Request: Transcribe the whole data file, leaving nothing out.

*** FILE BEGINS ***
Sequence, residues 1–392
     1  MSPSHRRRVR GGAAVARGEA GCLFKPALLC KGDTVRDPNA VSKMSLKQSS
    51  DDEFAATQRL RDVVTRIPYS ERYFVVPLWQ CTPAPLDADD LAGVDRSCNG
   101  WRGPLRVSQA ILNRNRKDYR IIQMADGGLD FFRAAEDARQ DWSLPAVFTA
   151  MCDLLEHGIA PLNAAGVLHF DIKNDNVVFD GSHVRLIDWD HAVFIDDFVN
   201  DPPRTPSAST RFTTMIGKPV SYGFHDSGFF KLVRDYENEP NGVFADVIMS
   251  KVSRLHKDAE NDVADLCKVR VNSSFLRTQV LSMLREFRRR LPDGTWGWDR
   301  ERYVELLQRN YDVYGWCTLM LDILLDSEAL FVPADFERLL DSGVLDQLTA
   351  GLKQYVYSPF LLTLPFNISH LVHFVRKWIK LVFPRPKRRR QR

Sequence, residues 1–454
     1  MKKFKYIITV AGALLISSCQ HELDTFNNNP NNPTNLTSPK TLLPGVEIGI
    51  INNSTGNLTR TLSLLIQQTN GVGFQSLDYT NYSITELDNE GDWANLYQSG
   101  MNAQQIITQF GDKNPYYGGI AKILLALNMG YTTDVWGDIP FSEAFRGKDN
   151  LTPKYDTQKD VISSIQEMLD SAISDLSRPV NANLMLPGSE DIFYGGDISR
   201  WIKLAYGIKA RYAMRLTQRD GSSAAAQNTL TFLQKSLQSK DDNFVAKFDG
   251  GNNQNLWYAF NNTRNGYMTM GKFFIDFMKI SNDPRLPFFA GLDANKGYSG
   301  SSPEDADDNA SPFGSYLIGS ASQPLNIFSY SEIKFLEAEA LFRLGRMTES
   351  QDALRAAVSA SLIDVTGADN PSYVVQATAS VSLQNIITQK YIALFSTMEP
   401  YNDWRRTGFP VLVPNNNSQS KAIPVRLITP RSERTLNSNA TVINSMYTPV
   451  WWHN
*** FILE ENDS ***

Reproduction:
Sequence, residues 1–392
     1  MSPSHRRRVR GGAAVARGEA GCLFKPALLC KGDTVRDPNA VSKMSLKQSS
    51  DDEFAATQRL RDVVTRIPYS ERYFVVPLWQ CTPAPLDADD LAGVDRSCNG
   101  WRGPLRVSQA ILNRNRKDYR IIQMADGGLD FFRAAEDARQ DWSLPAVFTA
   151  MCDLLEHGIA PLNAAGVLHF DIKNDNVVFD GSHVRLIDWD HAVFIDDFVN
   201  DPPRTPSAST RFTTMIGKPV SYGFHDSGFF KLVRDYENEP NGVFADVIMS
   251  KVSRLHKDAE NDVADLCKVR VNSSFLRTQV LSMLREFRRR LPDGTWGWDR
   301  ERYVELLQRN YDVYGWCTLM LDILLDSEAL FVPADFERLL DSGVLDQLTA
   351  GLKQYVYSPF LLTLPFNISH LVHFVRKWIK LVFPRPKRRR QR

Sequence, residues 1–454
     1  MKKFKYIITV AGALLISSCQ HELDTFNNNP NNPTNLTSPK TLLPGVEIGI
    51  INNSTGNLTR TLSLLIQQTN GVGFQSLDYT NYSITELDNE GDWANLYQSG
   101  MNAQQIITQF GDKNPYYGGI AKILLALNMG YTTDVWGDIP FSEAFRGKDN
   151  LTPKYDTQKD VISSIQEMLD SAISDLSRPV NANLMLPGSE DIFYGGDISR
   201  WIKLAYGIKA RYAMRLTQRD GSSAAAQNTL TFLQKSLQSK DDNFVAKFDG
   251  GNNQNLWYAF NNTRNGYMTM GKFFIDFMKI SNDPRLPFFA GLDANKGYSG
   301  SSPEDADDNA SPFGSYLIGS ASQPLNIFSY SEIKFLEAEA LFRLGRMTES
   351  QDALRAAVSA SLIDVTGADN PSYVVQATAS VSLQNIITQK YIALFSTMEP
   401  YNDWRRTGFP VLVPNNNSQS KAIPVRLITP RSERTLNSNA TVINSMYTPV
   451  WWHN